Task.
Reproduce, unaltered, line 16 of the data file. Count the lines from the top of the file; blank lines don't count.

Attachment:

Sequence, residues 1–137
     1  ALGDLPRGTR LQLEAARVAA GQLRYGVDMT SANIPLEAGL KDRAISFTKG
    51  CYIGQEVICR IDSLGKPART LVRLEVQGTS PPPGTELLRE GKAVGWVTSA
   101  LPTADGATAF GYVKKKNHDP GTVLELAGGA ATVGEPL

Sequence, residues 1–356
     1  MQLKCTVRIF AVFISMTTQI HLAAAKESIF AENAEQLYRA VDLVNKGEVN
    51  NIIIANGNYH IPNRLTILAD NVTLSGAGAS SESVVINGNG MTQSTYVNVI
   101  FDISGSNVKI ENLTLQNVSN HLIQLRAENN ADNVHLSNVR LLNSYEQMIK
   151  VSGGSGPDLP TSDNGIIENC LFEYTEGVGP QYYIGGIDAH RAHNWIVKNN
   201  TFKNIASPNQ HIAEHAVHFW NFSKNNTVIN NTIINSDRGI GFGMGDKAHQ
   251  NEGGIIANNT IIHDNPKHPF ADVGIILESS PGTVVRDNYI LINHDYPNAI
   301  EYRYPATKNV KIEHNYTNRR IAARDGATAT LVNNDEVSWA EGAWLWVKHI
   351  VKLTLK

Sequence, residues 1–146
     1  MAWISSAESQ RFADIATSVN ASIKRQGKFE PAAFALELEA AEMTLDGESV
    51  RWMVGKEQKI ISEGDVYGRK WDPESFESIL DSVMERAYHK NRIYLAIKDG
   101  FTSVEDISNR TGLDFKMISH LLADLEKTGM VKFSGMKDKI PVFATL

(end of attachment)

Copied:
    51  RWMVGKEQKI ISEGDVYGRK WDPESFESIL DSVMERAYHK NRIYLAIKDG